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Professor sees historical, economic basis for conservation

While recently traveling to Prague for a international linguistics conference, EasternGrant Smith Washington University English professor Grant Smith accepted an assignment from his congregation’s adult forum, which studied environmental issues from January through May.
Grant and his wife, Lelia, also visited Dresden and Berlin to “take in” art, music and history.

When the Cheney United Church of Christ (UCC) class learned of their plans, they suggested they connect with members of the Pacific Northwest UCC Conference’s partner church, the Berlin-Brandenburg Synod of the Evangelical United Church.
The class, which studied environmental stewardship issues since January, wanted to know about German and European recycling practices, water usage, energy consumption and conservation measures.

For Grant, two world wars, Hitler, the Holocaust, the Cold War and the Berlin Wall, the thawing and the demolition of the wall call the world to recognize that “we are responsible to one another.”  Those events affect life styles, perceptions and attitudes of people there today, he said, opening his report to an April adult forum with the historical context.

The United Church of Christ, with some roots in the German Evangelical (Lutheran) and Reformed Church, expressed that bond and compassion by sending delegations to visit congregations in East and West Berlin and Germany, as a reminder that Americans cared about them.

“After totalitarianism and oppression collapsed in Eastern Europe and the Berlin Wall fell in 1989, Berlin became an illustration of renewal and hope for the future,” he said.

When I previously visited East Germany, I saw how the communist government abused the environment and exploited resources.  Then the most prevalent car was the Trabant, known for its dirty emissions.  I saw only one Trabant this time, and I saw many Smart Cars, narrow cars for driving in city traffic.  European drivers, like Americans, like power and speed.  They want bigger and faster cars, and will have them if they can pay for them.”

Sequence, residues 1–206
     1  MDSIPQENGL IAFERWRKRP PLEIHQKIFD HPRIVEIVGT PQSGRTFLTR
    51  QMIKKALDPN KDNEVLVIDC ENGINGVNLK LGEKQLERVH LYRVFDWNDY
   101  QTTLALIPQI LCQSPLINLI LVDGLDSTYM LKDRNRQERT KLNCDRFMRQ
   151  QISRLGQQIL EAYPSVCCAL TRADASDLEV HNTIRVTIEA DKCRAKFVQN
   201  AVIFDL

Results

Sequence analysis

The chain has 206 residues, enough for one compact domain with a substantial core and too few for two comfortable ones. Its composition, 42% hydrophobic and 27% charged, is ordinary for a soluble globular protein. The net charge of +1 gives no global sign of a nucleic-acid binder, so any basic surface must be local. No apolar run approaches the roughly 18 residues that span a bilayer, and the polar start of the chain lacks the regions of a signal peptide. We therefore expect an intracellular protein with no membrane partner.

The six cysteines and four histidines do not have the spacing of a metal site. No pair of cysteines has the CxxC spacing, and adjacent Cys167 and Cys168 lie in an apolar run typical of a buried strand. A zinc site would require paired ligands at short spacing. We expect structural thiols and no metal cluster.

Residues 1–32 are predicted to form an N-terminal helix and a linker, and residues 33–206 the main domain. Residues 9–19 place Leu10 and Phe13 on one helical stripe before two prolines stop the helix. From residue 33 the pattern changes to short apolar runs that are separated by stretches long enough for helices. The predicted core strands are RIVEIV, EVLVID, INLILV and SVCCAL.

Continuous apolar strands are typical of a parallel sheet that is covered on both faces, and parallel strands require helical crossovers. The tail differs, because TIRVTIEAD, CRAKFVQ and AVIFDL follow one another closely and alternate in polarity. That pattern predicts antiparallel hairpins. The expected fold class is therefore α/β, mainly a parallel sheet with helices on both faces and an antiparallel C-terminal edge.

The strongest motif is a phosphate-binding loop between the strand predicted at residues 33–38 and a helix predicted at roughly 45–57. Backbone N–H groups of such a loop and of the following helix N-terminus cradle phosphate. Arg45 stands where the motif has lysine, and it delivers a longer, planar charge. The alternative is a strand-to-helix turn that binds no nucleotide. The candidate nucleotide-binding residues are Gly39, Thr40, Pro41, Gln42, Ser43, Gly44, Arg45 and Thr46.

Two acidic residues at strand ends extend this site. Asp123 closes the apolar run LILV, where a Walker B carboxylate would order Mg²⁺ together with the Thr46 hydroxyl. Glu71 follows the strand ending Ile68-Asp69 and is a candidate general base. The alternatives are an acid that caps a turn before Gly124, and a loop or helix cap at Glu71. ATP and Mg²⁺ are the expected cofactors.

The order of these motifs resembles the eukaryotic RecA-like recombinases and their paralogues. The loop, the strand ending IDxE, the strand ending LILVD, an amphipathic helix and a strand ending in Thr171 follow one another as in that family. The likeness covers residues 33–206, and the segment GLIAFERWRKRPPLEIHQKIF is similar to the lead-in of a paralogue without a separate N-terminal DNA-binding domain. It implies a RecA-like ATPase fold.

The high gas tax and the population density create awareness of the need for measures to protect the environment, Grant said.  Europeans he met seemed to accept high taxes on gasoline, because they recognize the social utility of those taxes as part of their tradition.  The social policies were instituted before people bought big cars, so they are sustainable.  There, people who have SUVs and big rigs expect to pay the high price for gas.

“In the United States, however, it is hard for politicians to promote a higher gas tax,” Grant said, “even though it would be socially responsible to do that."

“Christ calls us to be good stewards and to look at future needs related to our purchases.  We may have to change our attitudes about the gas tax and use of foreign oil, not just because of the environment, but also to improve how the world works together.  God calls us to this vision—to accept a bit of sacrifice, like higher gas taxes.”

Another factor is the ease and ubiquity of mass transportation. 
Grant also found that Europeans have found some “ingenious technologies” and practices to save electricity.  Timed lights in hallways, once turned on manually, are now motion-sensitive.
Water use is metered and expensive.
Europeans value parks and green spaces, because space is limited.

The experience of making sacrifices and accepting rations in World War II and under communism, plus early changes in laws, have set a climate for acceptance of regulations, recognizing the wider public interest, he said. 

“Our larger cars and low taxes will change only when people want to change. Christ, however, calls us to change and calls us as churches to lead toward a vision of what is needed and workable in society,” Grant said.

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